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State officer voids $13 million no-bid Medicaid consulting contract

State Journal Register

Thursday, December 7, 2017  |  Article  |  Doug Fink

Medicaid, Managed Care

A no-bid consulting contract worth nearly $13 million has been voided by the state’s chief procurement officer.

Chief Procurement Officer Ellen Daley said the contract with McKinsey & Company should have been put out to bid rather than simply awarded by the Department of Healthcare and Family Services.

State laws covering the procurement of products and services by state agencies allow no-bid contracts to be awarded to prepare for anticipated lawsuits, enforcement actions or investigations. DHFS cited that exemption when it awarded the contract to McKinsey without getting bids from other companies.

“After much review and discussions with your office, I remain unconvinced this procurement fits within the exemption to the (procurement code) for anticipated litigation,” Daley wrote in a letter to DHFS. “Consequently and pursuant to my authority ... I find it in the best interest of the state to void this contract.”

The contract was for services in connection with the state’s ongoing effort to enroll more Medicaid recipients into managed care programs. Both the Illinois House and Senate are holding hearings about the administration’s decision to award $63 billion in contracts to seven health care vendors to administer the program. The Rauner administration said the state will save about $1 billion over the four-year life of the deal.

DHFS spokesman John Hoffman said the department “is reviewing the impact of this preliminary decision, its potential cost to taxpayers and its impact on fulfilling our mission to provide quality services to our most vulnerable clients in the state.”

Last week, the House Human Services Appropriations Committee held a hearing in Chicago on the McKinsey contract. Committee chairman Rep. Greg Harris, D-Chicago, said he believes the contract should have been put out for competitive bids.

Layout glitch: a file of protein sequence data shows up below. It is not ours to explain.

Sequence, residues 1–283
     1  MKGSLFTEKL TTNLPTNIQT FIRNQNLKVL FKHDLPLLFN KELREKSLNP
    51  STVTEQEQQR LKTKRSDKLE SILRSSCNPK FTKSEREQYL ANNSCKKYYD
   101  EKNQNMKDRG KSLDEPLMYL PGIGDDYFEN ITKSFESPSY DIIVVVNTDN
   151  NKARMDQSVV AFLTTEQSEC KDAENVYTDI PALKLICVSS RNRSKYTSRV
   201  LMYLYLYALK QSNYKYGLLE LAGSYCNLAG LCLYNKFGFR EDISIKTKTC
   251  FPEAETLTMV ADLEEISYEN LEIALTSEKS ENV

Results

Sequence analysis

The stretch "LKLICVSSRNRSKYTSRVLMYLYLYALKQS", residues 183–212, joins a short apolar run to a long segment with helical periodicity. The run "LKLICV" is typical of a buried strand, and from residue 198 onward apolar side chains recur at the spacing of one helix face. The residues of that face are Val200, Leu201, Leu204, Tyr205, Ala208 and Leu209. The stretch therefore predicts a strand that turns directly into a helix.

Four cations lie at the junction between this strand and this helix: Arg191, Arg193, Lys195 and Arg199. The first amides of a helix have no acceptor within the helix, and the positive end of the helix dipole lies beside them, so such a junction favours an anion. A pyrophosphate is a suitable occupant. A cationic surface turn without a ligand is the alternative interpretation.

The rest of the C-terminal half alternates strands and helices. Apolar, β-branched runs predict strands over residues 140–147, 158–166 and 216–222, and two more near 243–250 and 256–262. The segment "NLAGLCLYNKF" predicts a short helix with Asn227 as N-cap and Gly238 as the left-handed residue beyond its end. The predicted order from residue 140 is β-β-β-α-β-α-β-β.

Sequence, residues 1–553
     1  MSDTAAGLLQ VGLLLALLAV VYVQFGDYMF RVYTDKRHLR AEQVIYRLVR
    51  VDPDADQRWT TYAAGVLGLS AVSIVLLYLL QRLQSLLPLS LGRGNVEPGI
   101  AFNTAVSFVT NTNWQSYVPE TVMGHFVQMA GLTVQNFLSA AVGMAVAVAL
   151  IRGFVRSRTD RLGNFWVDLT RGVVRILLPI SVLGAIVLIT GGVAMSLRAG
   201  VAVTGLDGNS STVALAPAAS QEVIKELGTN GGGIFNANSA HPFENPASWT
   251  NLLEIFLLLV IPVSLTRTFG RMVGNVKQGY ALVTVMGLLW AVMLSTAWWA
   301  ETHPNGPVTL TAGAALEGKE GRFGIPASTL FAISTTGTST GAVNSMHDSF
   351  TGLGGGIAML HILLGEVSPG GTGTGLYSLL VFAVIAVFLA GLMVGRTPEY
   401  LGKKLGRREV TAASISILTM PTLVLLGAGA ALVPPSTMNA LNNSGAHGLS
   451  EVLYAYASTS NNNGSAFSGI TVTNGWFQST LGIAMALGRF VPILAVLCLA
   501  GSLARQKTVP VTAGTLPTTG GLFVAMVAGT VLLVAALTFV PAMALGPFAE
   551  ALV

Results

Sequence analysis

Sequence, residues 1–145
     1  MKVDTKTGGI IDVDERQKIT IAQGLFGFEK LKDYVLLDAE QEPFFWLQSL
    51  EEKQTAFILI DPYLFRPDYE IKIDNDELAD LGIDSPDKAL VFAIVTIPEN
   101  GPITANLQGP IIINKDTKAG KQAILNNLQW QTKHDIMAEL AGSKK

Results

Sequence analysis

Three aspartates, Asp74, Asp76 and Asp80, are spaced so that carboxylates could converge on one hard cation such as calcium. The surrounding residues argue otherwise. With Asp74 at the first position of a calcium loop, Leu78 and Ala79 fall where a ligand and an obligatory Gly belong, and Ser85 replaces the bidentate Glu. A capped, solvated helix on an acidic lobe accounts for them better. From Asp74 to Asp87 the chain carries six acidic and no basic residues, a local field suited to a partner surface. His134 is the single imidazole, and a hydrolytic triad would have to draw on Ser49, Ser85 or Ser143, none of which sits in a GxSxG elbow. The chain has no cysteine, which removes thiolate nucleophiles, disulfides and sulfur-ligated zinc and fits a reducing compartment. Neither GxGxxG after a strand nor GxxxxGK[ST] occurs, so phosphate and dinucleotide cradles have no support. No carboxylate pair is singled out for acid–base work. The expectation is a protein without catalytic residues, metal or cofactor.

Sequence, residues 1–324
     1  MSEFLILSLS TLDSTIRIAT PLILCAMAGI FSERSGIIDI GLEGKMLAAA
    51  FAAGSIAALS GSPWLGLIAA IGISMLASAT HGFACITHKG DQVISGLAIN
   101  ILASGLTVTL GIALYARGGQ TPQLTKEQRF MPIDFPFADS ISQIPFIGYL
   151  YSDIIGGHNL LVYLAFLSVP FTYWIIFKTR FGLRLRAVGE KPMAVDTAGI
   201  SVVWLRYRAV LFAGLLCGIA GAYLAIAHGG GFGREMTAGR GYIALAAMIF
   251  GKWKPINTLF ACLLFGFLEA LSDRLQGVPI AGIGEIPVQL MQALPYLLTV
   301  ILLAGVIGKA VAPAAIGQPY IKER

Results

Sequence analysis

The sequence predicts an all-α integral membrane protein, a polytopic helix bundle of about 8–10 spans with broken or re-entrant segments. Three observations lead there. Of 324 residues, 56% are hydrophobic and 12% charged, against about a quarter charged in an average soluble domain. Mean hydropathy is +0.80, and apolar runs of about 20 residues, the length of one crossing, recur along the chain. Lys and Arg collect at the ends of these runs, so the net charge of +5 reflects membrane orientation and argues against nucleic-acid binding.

“Is there nobody else in Illinois or America who could have done this work?” Harris said. “My view after listening to testimony is this should have been put out for bid. There are many large consulting firms, many located right here in our state, who do this work. We should have had it competitively bid and gotten the best proposal for the best price.”

Sen. Andy Manar, D-Bunker Hill, said in a statement that cancellation of the McKinsey contract raises other questions about the way the state went about selecting vendors to administer the Medicaid managed care program. He said the process “has been cloaked in secrecy while costs ballooned without explanation.”

Manar chairs one of the Senate committees that will look into the contracts during a hearing this week.

Lawmakers said they were told the annual cost of the Medicaid managed care contracts would be $9 billion to $10 billion a year. That put the total four-year cost of the deal at $36 billion to $40 billion.

However, when the contracts were quietly announced just before Thanksgiving, the four-year cost was $63 billion. DHFS said the program will cover more Medicaid recipients than are now enrolled in managed care, which drove up costs.

Contact Doug Finke: doug.finke@sj-r.com, 788-1527, twitter.com/dougfinkesjr.